the day i grew up.

The day I grew up was August 31, 1995.

That’s the day I drove to my lawyer’s office and closed on our first house.  It’s also the day I drove to the hospital and brought home my wife and our baby.

The closing was scheduled for early in the day.  We were all packed and ready to move, but ultimately did not plan on actually moving on that day – too much, you know?  So I went to the lawyer’s office where I met the man from whom we were buying the house, his realtor, and our realtor Angie.

When I shook the man’s hand, he was crying.  He had built the house in the 1950s, lived there for 40 years with his wife.  He raised his family there.  Less than a year prior, his wife had passed away, leaving him alone in the house.  He didn’t want to be there on the anniversary of her passing, and so he listed and sold the house quickly.

We all sat down and began reviewing paperwork, signing documents, and writing checks.  The poor old guy was trying to hold it together the whole time.  As part of the deal, we had purchased his dining room set from him (which we still have), as well as his fridge and some of his yard maintenance tools – he was moving to a condo and didn’t have room for all that.  Eventually he began talking about the dining room set – how much his wife had liked it, how they ate so many good meals there, that sort of thing.  He was so emotional, I was actually getting a little choked up.

When it came time to write the checks, I signed the check that would be turned over to the owner.  He looked at it, then turned to his realtor and said “This is not how much I sold the house for.”

We had bought the house for $154,000.

The realtor explained that she gets a commission on the sale of the house, and so his actual cut was less than $154,000.

“But I sold the house for $154,000,” he pleaded.  “Where I come from, $154,000 is $154,000.”

His realtor looked at me and said “Don’t worry, I explained this all to him.  He’s just confused.”  She said this as if he wasn’t sitting right in front of her.  I remember promising myself that I would never marginalize the presence of another human being, regardless of how old they were, by talking about them as if they weren’t there, and as if they weren’t intelligent enough to comprehend the discussion that was happening right in front of them.

“I’m not confused,” he said.  “I listed my house for $154,000, and this young man offered me $154,000.  Now you’re giving me a check for less than that.  I built this house.”  He was crying again.

I felt awful for the guy.  Awful to the point where I almost negated the deal right then and there.  Clearly, he didn’t understand how a real estate transaction was supposed to work, and he thought he was supposed to be getting more money than he really was.  I felt like I was complicit in duping him.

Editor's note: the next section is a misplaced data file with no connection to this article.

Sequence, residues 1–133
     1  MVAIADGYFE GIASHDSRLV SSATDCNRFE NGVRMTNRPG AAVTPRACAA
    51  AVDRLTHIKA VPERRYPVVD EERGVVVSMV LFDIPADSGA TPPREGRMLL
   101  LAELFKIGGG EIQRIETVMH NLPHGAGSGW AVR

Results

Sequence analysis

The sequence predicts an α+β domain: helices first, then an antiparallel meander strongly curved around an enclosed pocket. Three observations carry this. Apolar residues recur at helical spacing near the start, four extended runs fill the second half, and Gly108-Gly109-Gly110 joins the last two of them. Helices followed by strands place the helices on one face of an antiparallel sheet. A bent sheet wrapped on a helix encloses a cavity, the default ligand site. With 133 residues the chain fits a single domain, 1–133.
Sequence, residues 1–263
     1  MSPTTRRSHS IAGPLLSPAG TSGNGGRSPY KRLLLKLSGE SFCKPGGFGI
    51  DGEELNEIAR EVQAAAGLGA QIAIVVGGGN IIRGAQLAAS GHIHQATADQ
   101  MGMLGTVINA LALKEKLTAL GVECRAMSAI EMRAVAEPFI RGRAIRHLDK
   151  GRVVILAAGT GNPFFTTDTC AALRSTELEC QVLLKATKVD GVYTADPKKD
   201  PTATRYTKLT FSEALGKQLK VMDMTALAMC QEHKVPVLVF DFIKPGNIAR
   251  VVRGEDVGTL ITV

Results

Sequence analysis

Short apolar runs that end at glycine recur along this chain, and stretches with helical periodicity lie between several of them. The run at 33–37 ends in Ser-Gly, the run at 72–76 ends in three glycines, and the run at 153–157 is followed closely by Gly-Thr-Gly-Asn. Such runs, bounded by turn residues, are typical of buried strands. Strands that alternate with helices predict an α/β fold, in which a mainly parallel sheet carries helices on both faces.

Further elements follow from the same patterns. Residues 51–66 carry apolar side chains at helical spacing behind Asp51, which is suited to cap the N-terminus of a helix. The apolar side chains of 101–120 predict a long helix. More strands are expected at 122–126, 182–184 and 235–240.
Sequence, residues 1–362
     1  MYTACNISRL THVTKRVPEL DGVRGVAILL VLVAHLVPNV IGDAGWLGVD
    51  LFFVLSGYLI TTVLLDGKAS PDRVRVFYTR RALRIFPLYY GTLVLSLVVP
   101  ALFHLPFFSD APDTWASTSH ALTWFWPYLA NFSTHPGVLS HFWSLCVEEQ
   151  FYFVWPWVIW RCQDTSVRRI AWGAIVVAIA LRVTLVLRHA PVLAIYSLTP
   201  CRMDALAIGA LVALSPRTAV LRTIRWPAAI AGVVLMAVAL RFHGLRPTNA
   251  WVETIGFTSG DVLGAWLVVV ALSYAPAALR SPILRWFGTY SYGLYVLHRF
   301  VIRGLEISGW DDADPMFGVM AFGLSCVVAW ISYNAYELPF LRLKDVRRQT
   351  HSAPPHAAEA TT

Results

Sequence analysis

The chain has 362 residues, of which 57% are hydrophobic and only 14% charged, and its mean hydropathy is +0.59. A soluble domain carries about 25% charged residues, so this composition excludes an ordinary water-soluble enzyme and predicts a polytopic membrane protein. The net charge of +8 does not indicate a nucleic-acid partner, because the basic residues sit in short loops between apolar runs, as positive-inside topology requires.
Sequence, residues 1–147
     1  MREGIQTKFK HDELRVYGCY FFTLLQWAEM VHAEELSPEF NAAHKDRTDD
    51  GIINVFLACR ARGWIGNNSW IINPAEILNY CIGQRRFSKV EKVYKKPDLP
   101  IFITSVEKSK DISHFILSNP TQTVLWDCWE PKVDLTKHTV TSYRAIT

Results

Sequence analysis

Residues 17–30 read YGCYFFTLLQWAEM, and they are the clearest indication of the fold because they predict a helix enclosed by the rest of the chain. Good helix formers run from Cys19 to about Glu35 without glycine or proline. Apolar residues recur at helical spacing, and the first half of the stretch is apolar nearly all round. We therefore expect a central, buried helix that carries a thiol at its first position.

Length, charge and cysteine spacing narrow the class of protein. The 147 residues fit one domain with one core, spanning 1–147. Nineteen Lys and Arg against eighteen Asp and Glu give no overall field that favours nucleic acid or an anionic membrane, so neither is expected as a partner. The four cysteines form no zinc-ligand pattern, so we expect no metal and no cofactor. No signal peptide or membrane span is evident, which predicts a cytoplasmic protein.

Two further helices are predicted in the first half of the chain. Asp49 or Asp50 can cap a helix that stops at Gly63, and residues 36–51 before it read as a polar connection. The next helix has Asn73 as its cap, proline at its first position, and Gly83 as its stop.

Then I thought of my wife and baby, waiting for me in the hospital.  I was going to go to the hospital and tell them that they had no house?  That we were back to the drawing board – again – and would have to start the entire process of house-shopping? 

Fuck that, I thought.  I have a family to think of.

I finished the deal and got the keys to my new house.  I shook the man’s hand and thanked him, wished him the best of luck.  He smiled weakly at me, and congratulated me.  Then, I left and drove to my new house.

My new house.

I walked around inside the empty house, just looking around.  Things looked a little dingier than they did when the place was full of furniture and life.  The grass in the back yard didn’t look as lush, the shrubs that were so gorgeous were now looking a little overgrown.  I was quickly becoming aware of how much work needed to be done.

But it was our house, and we had forever to do it.

After about half an hour of sitting in my house, eating lunch (I had picked up a sandwich or something), I hopped in the car, took a deep breath, and drove to the hospital.

After filling out reams of more paperwork, and watching the nurses wheel my wife and baby out the front door, I went to the parking lot to get my car.  I specifically remember that I was listening to a demo CD (that’s right, a demo CD, not a demo tape – things were changing) by a band called Ironlung.  They were one of these bands that sounded like an ex-hardcore band that had mellowed and begun writing hard-edged, commercial metal songs – almost like a Token Entry-type of band.  

I had installed the car seat in the back of the car, and after wrestling with the baby carrier and helping Sandy get into the front seat, I got into the driver’s side, sat down, and buckled up.

Then I looked at Sandy and said “Now what?”

She laughed and said “I have no fucking idea.”

I’ve never driven so slowly in my life.  I was petrified that I was going to have a car accident, or that the car seat wasn’t properly installed, or that I was going to give my baby whiplash with my driving.

But more than that, I was afraid I was going to hit a pothole or a bump in the road.  I can’t wake the baby, I remember thinking. Once that baby wakes up, I have no idea what the hell to do.

Eventually, you woke up.  I don’t remember when, but you’re awake right now as I’m writing this, downstairs in the kitchen, Facebooking with your friends.

~ by Al on September 13, 2009.

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